The NHL is expected to render a decision on holding a June Draft by the end of this week or early next week, but all indications point to the league going ahead with the 2020 draft sometime in early June. While the move makes sense for the league as a whole, by providing a much-needed payday and an opportunity to take sports center stage, many of the league’s general managers, including Capitals general manager Brian MacLellan, are not happy about the idea.
“I think most of the managers would like it to happen in a natural order,” MacLellan said Wednesday during an appearance on the Athletic’s Two-Man Advantage podcast.
“There’s a natural order of business, there’s a rhythm to it. Some teams use that time to reset their roster, it’s a way to manage your roster and cap situation for next season, it’s a way to make trades. A lot of decisions are based on how you concluded your previous season. So, if you go into the playoffs and maybe a weakness is identified or you weren’t as successful as you were (hoping) and you need to make changes and the draft seems to be an area where you can accomplish those things before next season.”
🎙️Brian MacLellan, GM of @Capitals joined @PierreVLeBrun & @OvertimeScottB on Two Man Advantage @TheAthleticDC. Mac talks #nhldraft2020, #Allcaps a playoff favorite, @ovi8‘s legacy & quarantine haircuts!🎧⬇️@TheAthleticNHL: https://t.co/t1bvoZ45pu
— Jeff Domet (@jeffdomet) May 6, 2020
But MacLellan sees the big picture. The league needs to begin recovering losses accrued from the stoppage for the COVID-19 pandemic. An online, virtual draft, similar to the NHL’s recent draft, would mean a much needed payday for the NHL. It will also give the league the center stage in a time when sports content is extremely scarce.
“I also understand this is a business, it’s a league business,” MacLellan said. “The commissioner and the league have some business decisions to make, there’s national rights holders, there’s a national audience that’s looking for some content and there’s an opportunity for the league to sell our draft, to introduce the draft to people that don’t normally watch it possibly. So I think there’s probably a little tug of war. … The commissioner will make his decision and we’ll work with that. We’ll work within the guidelines he sets out.”
The NHL issued a memo to teams last Friday, which stated that the 2020 NHL Draft could be done before the 2019-20 season resumes. Sportsnet’s Elliotte Freidman told NHL Network earlier this week that this draft will be done electronically, like what the NFL did last week.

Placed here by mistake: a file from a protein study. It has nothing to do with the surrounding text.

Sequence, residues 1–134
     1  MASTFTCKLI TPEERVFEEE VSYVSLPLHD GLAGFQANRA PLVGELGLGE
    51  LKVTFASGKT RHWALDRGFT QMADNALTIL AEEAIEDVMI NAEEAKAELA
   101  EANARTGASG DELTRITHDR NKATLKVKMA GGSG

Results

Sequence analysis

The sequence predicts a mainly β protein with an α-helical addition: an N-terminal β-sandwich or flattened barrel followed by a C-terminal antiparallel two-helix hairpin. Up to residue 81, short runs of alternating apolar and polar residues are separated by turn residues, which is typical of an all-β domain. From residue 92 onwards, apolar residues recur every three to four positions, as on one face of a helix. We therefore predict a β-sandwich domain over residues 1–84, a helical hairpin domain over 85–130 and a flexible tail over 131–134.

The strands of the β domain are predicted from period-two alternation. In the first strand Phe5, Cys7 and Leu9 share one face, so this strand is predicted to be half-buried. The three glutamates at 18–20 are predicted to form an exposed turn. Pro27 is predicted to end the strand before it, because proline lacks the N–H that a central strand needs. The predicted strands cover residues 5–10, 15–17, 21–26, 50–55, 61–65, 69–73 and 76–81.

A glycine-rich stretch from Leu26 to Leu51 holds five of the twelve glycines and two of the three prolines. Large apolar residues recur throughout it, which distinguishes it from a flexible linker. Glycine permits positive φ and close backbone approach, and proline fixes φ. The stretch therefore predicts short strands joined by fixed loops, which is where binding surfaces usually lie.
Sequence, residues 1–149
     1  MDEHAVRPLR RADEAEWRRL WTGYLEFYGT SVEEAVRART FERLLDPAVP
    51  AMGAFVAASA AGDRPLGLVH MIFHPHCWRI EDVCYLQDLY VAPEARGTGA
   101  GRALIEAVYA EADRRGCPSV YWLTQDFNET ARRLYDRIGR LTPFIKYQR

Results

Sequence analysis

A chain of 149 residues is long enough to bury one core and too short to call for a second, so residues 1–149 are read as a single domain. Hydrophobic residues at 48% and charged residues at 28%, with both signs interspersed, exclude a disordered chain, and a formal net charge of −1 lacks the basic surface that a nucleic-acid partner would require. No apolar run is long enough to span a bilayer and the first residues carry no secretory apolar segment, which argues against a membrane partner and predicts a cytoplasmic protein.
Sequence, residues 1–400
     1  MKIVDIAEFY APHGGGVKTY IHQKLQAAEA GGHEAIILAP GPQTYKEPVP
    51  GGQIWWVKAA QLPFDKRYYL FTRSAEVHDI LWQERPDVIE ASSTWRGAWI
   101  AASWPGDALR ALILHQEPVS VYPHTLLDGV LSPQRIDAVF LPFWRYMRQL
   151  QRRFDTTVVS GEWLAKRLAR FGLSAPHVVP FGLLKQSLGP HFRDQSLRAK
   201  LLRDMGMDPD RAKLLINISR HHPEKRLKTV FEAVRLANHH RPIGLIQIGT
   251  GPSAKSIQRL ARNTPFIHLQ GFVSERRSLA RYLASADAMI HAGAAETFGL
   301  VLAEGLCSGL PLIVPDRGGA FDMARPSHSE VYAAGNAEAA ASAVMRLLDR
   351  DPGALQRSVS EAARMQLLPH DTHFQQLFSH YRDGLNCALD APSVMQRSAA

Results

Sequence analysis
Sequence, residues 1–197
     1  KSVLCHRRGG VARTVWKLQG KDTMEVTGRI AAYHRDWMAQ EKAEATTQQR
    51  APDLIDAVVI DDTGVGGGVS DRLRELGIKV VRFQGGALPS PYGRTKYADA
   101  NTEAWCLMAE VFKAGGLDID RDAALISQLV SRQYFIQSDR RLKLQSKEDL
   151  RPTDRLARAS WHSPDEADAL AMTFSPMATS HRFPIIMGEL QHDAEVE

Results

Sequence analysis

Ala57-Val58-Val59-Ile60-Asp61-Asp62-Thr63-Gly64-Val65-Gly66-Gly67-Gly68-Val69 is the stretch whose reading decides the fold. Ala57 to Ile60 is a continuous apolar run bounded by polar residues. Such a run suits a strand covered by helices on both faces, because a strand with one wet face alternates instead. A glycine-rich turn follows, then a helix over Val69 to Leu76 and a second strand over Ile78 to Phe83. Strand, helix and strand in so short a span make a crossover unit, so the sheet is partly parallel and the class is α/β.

“Quite frankly, whatever we decide to do, there is no way, under these most unusual circumstances, for us to maintain the ‘status quo,’” Deputy Commissioner Bill Daly said in the memo.
To make the lottery as fair as possible, if the rest of the season cannot be completed, the NHL has proposed:
- Using each team’s points percentage to determine the order of selection (That is under the current Stanley Cup Playoff format, so 16 teams would be out of the lottery and 15 would be in)
- Changing the lottery format this season only — picking just one winner, and limiting any move-up to a maximum of four spots
- For conditional trades, the league would propose solutions; the teams would have seven days to either reform the deal on terms acceptable to both, or accept the NHL’s idea
Another concern of having the draft at the beginning of June is that it would keep teams from trading players they would need if the season resumes. Daly hinted that the NHL’s research of the last five draft days showed that there were 106 trades conducted and only 64 would have been allowed to happen had the draft taken place before the end of the season.
“While this is certainly a valid concern,” Daly continues, “the fact of the matter is that whenever we hold the 2020 Draft — in early June or ‘shoehorned’ into a short window in October or November — (it) is not going to be a typical NHL Draft. It is not going to look the same; it is not going to feel the same; and it is not going to be the same. While we may know more about next year’s landscape in terms of CBA, Salary Cap, Escrow, etc., in November than we will in June, we are still not going to know everything, and there is still going to be a multitude of questions that have no answers. So, any comparison of the 2020 NHL Draft to a typical year’s Draft is not — and cannot be — an ‘apples to apples’ comparison.”
By Jon Sorensen